The network went into meltdown on Tuesday afternoon leaving thousands of frustrated passengers stranded on platforms across the city, with rail bosses blaming lightning strikes and driver sickness for the chaos. "This new timetable is delivering the services we need".
Eighteen services were cancelled yesterday and delays for some areas continued well into the night, with the T-1 line the worst affected.
Despite calls from the NSW opposition, Mr Constance ruled out the government "immediately" refunding train passenger fares for Monday and Tuesday.
"One minute, Sydney Trains management said that the cancellations were due to an excessive amount of approved leave, then it was track work, then they changed their minds and chose to blame workers taking sick leave, and on Twitter, they've even blamed "reduced customer demand" and the weather", the union said in a statement.
The new timetable introduced at the end of November has been blamed for limiting the ability of Sydney Trains to react to problems.
"The problem is they've gone ahead and made promises for all these new trains when the growth trains aren't ready yet, so they've had to bring trains out of mothballs, there's no spare trains in the system and there's no spare drivers and guards, so of course it's going to be a problem when people get sick and exhausted and worn out", he said. "Clearly the government went against its own expert advice on the new timetable".
The Rail, Tram and Bus Union NSW released a statement accusing the state transport service of "covering up" its many issues.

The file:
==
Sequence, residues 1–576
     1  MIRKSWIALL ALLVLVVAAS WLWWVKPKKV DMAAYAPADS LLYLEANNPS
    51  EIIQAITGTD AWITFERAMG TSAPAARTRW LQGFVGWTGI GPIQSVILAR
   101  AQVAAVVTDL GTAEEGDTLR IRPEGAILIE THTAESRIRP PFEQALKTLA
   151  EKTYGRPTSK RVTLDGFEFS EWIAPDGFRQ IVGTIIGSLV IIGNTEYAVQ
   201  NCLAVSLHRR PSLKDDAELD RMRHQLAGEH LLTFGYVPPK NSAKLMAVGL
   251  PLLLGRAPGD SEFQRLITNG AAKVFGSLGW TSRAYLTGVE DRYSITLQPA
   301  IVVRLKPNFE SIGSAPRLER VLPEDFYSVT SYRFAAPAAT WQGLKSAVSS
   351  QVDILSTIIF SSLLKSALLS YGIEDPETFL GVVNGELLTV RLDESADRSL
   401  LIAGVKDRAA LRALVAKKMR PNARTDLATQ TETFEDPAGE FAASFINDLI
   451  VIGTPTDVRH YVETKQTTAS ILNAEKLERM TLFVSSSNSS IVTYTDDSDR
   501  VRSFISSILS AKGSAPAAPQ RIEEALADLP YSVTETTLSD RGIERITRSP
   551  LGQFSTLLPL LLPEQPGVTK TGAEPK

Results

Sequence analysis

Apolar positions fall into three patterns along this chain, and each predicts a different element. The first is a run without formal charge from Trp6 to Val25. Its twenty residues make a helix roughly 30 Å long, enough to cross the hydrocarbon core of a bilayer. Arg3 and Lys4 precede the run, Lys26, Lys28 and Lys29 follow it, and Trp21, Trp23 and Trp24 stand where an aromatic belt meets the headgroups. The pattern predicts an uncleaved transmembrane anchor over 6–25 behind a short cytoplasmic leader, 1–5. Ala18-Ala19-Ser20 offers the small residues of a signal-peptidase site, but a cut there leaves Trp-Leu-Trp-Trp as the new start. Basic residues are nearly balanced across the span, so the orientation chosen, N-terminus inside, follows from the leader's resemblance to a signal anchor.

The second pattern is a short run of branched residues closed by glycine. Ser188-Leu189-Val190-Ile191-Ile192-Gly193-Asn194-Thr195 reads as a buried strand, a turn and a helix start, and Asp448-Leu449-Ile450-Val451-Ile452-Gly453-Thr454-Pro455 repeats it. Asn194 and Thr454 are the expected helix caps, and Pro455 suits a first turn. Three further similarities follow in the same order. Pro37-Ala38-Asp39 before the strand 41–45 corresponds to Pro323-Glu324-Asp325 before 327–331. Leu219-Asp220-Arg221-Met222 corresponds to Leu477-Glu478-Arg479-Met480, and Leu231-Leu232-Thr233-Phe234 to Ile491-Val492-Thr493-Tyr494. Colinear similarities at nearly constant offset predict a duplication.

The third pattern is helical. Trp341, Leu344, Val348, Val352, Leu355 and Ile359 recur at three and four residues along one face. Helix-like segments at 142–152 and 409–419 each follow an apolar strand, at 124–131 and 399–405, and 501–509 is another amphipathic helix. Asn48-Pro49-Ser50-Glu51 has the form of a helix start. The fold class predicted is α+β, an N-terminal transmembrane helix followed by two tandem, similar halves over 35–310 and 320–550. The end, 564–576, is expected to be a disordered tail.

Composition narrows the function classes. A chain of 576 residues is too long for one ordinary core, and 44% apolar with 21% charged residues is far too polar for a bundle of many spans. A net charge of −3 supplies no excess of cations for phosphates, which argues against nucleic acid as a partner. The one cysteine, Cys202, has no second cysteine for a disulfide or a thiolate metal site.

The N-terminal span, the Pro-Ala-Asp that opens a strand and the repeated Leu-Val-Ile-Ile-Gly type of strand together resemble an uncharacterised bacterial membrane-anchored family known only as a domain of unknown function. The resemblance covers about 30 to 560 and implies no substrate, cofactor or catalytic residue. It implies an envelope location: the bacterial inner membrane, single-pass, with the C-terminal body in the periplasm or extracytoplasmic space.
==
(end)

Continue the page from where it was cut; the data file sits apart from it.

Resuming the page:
Andrew Constance addressed the media on Wednesday morning.
Last month, I reported how Sydney's crippling immigration-fuelled population growth had pushed the rail network to breaking point, with one early morning incident causing mayhem well into the evening across the metropolitan train system.
New South Wales Opposition leader Luke Foley slammed the Berejiklian Government, the new timetables, and the state's "shambolic" train service.
Mr Collins said he will sit down with the union in the timetable review, while Mr Constance said his "door is always open".
"I expect the next 48 hours to be better and we'll continue to work at it".
The review will look at staffing contingency levels "to swiftly recover from weather and other uncontrolled events", potential minor adjustments to services to improve recovery time during delays and resource allocation to ensure staff and trains are best positioned across the network.
The government, he said, needs to fix the transport chaos before spending $2.5 billion rebuilding two stadiums.
Sydney commuters also took to Twitter to vent their frustrations with the transport system, with one commuter jokingly asking the transport minister if he should leave work the day before to get there on time.
Matt O'Sullivan is the Transport Reporter for The Sydney Morning Herald.